With its four colorful, fat buttons, the keyboard for Webee is an irresistible magnet for little hands. Its inventor hopes it will also be a magnet for parents seeking to give their youngsters a head start on independent learning and computer literacy.
“Kids are open to learning and aren’t fearful of new things,” says Racheli Van Buren, an Israeli high-tech executive who has been refining the product concept since her oldest child, now 18, was still in diapers.
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“At age two, a child can learn three different languages and adults cannot. So it’s the right age to introduce learning experiences, but most parents don’t have the opportunity or the tools to do this. We decided to give them that opportunity.”
Webee (not to be confused with the Facebook business app MyWebees) is a game console based on “software as a service” (SaaS). No downloads or installations are required. The special keyboard plugs into any computer or laptop via a USB connection to access Webee’s educational games through the website.
Parents or teachers can create unique profiles, allowing the children to play interactively in a secure environment.
Keyboard rather than touch screen
Van Buren initially thought about using a touch screen, which was virtually unknown when she first began tinkering with the business concept. But she decided that a durable keyboard (she calls her invention a Jumboard) that fits over the regular keyboard would be more kid-proof and attractive to little ones. One boy in a test group even slept with the Jumboard under his pillow, she reports.
Having only four keys also cuts down on the margin for error and frustration, she says, because the user can make no more than three incorrect guesses.
The interactive keyboard comes with software development and educational development kits that allow anyone with the right know-how to create and sell their own online games, as well as offline content and worksheets based on existing Webee games.
Each of the interactive games revolves around “Webee,” an animated bee that accompanies children as they learn skills such as counting and color recognition.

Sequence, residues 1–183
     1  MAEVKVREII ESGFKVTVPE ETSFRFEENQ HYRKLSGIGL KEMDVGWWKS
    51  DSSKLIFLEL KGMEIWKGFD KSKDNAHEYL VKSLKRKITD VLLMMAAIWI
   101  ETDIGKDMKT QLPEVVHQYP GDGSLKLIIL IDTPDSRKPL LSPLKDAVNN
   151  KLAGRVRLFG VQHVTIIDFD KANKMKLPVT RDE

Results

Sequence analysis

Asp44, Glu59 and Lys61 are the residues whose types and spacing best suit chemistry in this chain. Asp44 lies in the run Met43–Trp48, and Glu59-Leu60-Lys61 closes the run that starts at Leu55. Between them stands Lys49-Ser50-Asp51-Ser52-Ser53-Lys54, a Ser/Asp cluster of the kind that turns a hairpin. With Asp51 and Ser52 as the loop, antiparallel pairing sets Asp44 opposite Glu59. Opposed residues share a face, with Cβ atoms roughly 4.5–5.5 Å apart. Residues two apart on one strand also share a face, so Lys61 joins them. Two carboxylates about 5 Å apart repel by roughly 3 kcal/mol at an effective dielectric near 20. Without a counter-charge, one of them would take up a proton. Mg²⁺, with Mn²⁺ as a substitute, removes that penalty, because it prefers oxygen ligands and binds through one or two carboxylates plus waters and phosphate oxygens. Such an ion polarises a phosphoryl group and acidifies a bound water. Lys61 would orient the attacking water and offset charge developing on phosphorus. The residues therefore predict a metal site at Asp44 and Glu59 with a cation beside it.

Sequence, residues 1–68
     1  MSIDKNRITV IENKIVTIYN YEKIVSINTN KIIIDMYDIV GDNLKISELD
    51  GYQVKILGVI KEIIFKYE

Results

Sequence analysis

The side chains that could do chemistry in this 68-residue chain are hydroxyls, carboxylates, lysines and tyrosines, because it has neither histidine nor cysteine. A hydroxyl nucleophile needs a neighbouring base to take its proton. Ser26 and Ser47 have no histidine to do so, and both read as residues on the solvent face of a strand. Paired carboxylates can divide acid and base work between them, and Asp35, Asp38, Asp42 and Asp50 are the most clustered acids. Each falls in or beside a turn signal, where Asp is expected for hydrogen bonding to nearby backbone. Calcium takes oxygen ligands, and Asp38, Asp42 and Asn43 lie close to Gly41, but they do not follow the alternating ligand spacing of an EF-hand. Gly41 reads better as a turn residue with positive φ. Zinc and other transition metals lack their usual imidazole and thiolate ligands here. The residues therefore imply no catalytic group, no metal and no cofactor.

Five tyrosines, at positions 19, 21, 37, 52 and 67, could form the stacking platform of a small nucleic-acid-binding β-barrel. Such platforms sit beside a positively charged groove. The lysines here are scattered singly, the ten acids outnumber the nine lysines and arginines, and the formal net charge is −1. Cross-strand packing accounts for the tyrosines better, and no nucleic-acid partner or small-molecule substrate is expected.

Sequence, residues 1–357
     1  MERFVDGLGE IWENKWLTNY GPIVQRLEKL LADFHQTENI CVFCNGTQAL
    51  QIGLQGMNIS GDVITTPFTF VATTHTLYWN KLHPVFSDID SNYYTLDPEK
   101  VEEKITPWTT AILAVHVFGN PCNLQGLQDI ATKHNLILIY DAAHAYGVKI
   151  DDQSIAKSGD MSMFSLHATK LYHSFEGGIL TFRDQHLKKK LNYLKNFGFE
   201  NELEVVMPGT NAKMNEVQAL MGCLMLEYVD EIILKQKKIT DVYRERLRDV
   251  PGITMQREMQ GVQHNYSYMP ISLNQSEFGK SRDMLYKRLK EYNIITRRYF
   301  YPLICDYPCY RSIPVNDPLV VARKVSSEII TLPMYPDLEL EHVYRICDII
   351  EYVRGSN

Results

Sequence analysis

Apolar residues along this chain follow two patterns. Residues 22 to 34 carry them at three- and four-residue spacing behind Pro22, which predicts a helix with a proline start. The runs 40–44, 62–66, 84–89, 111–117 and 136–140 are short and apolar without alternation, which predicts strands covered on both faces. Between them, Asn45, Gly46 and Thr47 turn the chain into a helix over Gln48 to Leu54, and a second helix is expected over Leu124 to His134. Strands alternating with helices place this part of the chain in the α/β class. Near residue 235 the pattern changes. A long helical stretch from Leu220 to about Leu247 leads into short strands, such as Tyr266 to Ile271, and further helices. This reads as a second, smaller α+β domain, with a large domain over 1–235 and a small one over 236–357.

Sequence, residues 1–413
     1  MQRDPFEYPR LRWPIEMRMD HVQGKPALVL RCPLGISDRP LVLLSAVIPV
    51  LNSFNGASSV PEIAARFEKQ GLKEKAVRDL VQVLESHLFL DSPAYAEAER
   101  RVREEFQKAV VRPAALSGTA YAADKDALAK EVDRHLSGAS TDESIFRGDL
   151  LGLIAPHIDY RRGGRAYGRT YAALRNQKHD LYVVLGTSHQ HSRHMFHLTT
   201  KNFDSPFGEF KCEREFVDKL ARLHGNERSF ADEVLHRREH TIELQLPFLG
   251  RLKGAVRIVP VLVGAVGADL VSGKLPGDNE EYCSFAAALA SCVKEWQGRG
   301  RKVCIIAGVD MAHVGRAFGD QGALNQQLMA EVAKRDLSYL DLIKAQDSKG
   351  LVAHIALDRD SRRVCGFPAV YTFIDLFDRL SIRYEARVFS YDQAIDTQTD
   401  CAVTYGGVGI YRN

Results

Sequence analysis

Why a bee? “We wanted a ‘friend’ for the children, someone to explain the games, but not a boy or girl,” Van Buren tells ISRAEL21c. “Bees work hard and they are very smart.”
Kickstarting the business
Van Buren and her husband and business partner, Danny, formally founded their company in April 2010 with their own money and several other private investments. Webee is a portfolio company of the Nomadigo Business Accelerator in Tel Aviv.
Hoping to have the newest platform, games and keyboard on sale by December in Russian, English and Hebrew versions, they gained international exposure – and a few financial backers — for the product through a recent Kickstarter crowd funding campaign.
Distribution agreements are already in place with companies in Israel, India, Australia and Russia. The US market is, of course, the prime target, and Van Buren says negotiations are under way with interested parties.
“We prepared it from the beginning to easily switch languages,” she says. “We don’t have text in all the games — only letters — and we discovered that children can actually play the games in any language. It’s a wonderful way to learn a language because it’s very intuitive.”
The Van Burens engaged several consultants to help them develop the product. Ora Segal Drori, a child development specialist at the Levinsky College of Education in Israel, tested the prototype with groups of children in nursery schools, with and without their parents present.
“Sometimes the children were so excited to try it that they waited patiently for more than an hour for their turn,” Van Buren says. “It was fantastic.”
The company employs 15 people — four software developers in addition to animators, a quality assurance specialist and project manager.
Van Buren has a degree in computer science from Tel Aviv University, and worked over the past 25 years in software technology for several big companies, such as Elbit Systems and TTI Telecom. As vice president of R&D for Tadsec, she most recently worked on command and control (C&C) systems for the $20 million “Safe Cities” artificial intelligence project in Juarez, Mexico.